Smartphones and nature – Two things that seem to be complete opposites, but are becoming more and more intertwined as the benefits of technology in conservation become more realized.
Smartphones are incredible devices, but let’s be honest – what do we actually accomplish scrolling through page after page of various social media sites or playing games? The purpose of this post, and the posts that will follow on this topic, is not lecture on how smartphones are getting in the way of experiencing nature (though in many cases, they are). Instead, I am going to focus on how these pocket-sized computers are being used for conservation research, and how you can join in.
Whether you realize it or not, your smartphone is packed with sensors and abilities that make them perfect for data collection for conservation efforts. GPS, microphones, accelerometers, cameras, access to the internet are all abilities built into the phone that can be harnessed for data collection (Teacher et al., 2013). Coupled with applications specifically designed to make use of these abilities and you have the makings of a data collection powerhouse. Depending on the application itself, using smartphones for data collection has the potential to be more accurate and efficient than traditional means (i.e. a scientist in the field). Smartphones also allow researchers to increase their geographic reach, and provide automatic backup of data (Teacher et al., 2013).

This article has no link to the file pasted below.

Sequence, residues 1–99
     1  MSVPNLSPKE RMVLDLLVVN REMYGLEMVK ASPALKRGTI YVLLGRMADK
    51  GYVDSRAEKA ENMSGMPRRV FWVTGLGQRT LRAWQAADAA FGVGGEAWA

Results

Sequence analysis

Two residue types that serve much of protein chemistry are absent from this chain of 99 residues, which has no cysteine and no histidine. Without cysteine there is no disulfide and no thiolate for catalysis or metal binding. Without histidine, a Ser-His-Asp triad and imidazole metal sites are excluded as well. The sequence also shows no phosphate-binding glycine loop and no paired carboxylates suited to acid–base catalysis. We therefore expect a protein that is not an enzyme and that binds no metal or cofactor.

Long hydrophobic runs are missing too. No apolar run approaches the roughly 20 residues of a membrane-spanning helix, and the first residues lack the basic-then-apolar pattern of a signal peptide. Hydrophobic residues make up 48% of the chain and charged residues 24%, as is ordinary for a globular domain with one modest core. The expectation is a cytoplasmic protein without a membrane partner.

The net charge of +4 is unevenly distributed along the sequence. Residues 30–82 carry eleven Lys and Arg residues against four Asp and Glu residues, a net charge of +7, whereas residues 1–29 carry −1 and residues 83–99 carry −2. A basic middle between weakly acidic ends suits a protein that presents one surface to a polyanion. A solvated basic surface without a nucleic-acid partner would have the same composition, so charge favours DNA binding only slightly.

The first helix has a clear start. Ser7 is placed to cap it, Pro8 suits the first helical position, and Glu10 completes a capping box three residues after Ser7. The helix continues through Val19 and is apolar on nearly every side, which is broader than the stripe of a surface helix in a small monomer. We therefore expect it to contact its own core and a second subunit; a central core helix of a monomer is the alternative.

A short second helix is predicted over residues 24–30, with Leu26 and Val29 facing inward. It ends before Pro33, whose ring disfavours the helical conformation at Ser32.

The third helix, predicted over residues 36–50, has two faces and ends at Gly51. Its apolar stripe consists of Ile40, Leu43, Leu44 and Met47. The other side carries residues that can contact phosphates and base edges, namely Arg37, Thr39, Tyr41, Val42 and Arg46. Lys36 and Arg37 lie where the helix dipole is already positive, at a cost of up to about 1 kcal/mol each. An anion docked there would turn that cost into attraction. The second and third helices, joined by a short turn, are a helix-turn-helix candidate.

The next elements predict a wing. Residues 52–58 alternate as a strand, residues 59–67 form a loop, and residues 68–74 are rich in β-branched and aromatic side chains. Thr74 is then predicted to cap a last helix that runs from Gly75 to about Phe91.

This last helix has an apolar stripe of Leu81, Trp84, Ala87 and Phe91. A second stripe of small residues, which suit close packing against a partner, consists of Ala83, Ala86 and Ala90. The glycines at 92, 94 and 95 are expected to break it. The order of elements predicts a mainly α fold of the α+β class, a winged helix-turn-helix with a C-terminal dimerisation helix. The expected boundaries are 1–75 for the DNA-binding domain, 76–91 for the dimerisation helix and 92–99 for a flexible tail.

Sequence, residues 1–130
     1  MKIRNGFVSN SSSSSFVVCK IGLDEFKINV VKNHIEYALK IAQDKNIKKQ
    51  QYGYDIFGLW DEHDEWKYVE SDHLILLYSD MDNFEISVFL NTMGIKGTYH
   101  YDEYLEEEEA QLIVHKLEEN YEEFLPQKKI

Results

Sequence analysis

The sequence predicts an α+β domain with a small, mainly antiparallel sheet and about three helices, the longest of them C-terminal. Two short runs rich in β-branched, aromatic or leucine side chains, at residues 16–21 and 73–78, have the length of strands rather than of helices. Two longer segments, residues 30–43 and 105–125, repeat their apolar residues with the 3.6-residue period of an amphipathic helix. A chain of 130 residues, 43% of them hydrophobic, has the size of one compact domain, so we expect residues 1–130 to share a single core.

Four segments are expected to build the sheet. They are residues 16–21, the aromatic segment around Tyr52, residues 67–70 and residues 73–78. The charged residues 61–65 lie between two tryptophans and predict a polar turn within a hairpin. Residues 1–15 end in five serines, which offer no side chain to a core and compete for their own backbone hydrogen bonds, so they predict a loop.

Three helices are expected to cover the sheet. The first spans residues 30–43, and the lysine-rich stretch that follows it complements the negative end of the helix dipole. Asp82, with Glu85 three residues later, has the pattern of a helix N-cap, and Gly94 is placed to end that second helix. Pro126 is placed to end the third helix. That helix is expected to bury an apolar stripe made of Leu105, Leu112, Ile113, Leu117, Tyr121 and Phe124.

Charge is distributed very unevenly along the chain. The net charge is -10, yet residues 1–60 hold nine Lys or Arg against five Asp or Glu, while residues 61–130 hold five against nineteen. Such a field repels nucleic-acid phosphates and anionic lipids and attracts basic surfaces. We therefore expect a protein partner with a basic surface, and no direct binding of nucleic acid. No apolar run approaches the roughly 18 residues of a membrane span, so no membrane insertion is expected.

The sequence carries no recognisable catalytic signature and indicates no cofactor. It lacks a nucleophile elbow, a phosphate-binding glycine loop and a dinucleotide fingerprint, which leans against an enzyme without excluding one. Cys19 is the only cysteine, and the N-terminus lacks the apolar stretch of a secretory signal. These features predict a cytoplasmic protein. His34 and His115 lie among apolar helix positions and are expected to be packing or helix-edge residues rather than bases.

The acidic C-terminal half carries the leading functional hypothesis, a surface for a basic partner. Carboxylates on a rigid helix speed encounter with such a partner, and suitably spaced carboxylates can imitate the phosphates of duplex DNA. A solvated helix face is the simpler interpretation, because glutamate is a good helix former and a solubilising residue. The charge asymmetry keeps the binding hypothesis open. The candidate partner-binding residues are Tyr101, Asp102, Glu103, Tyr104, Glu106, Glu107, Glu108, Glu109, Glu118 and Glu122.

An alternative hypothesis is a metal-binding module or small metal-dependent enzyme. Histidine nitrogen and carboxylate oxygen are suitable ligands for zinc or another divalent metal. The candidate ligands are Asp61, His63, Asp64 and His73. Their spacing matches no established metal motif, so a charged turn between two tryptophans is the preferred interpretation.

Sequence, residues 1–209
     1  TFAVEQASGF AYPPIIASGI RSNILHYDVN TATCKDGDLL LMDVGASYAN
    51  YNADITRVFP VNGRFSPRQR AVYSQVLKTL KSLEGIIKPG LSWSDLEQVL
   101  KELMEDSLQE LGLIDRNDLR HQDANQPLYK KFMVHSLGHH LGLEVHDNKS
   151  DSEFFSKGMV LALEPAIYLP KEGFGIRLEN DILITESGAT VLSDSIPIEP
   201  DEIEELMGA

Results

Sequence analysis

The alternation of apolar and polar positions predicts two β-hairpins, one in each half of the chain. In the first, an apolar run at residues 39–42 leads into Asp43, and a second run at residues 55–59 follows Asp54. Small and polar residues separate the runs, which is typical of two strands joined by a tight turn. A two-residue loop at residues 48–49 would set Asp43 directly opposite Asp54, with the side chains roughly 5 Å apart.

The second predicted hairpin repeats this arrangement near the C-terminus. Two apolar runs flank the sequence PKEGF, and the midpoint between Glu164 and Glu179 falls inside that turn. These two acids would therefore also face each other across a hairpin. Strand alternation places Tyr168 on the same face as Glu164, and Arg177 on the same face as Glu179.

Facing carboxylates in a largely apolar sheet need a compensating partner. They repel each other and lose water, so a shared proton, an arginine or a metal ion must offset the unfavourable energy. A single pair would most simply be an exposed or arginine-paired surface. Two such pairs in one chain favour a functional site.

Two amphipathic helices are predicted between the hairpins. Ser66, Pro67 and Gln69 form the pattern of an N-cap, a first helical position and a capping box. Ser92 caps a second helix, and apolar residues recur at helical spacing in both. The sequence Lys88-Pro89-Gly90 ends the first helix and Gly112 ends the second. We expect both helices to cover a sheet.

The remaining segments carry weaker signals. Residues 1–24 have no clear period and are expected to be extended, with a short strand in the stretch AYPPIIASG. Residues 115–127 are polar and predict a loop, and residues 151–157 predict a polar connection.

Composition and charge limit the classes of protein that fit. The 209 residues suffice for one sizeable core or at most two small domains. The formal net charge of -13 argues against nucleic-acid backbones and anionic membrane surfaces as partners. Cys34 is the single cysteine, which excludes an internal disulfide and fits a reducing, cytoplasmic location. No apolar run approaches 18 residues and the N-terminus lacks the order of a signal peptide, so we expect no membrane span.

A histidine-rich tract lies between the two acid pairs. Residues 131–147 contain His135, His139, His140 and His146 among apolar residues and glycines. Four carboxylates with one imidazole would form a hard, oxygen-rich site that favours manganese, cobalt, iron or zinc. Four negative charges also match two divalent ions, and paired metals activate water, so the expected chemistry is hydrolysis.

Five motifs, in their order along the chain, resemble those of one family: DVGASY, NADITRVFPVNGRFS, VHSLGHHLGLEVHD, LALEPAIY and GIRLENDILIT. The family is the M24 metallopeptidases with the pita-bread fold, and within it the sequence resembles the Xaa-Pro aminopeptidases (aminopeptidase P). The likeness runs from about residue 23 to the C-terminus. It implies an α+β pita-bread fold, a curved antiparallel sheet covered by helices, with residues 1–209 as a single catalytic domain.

I have come up with four main categories of conservation apps, though some apps would fall into more than one category, and each category could be subdivided as well.
- Data collection/logging – apps that allow scientists to collect and log their data. Examples include Google Maps, EpiCollect, INaturalist, and Project Noah.
- Citizen Science – apps that invite the non-scientist community to assist scientists with data collection or processing (Silvertown, 2009). Examples include INaturalist, Project Noah, Instant Wild, and Zooniverse.
- Nature reference – apps that provide field guides for nature identification. Examples include Sibley Birds, Leafsnap, and Map of Life.
- Games – while not really used in conservation research do have the potential to encourage pro-conservation behaviors in players (Jepson & Ladle, 2015). Examples include Larkwire, My Green World, and Tree Planet.
A lot of the app examples I used were from a fantastic list created by the Bruna Lab at the University of Florida. Check the link for more examples. I am bookmarking this for my own future projects. They have far more categories than I came up with, but I am trying to keep things fairly simple.
Over the next few posts I will be going through each of the categories in more detail to provide more detailed explanations of they are used in conservation research and dive into more specific examples. I am also taking a quick trip to Washington this weekend where I plan to test out a few apps while hiking in the Hoh Rainforest. Hopefully I can snap some great pictures to share and add a ton more birds to my life list!
Stay tuned for more posts in this series!
Yours in nature,
Works cited for this post
Jepson, P. and Ladle, R.J. (2015). Nature apps: waiting for the revolution. Ambio, 44(8), 827-832.
Silvertown, J. (2009). A new dawn for citizen science. Trends in Ecology & Evolution, 24 (9), 467-471.
Teacher, A.G.F., Griffiths, D.J., Hodgson, D.J., Inger, R. (2013). Smartphones in ecology and evolution: a guide for the app-rehensive. Ecology and Evolution, 3(16), 5268-5278.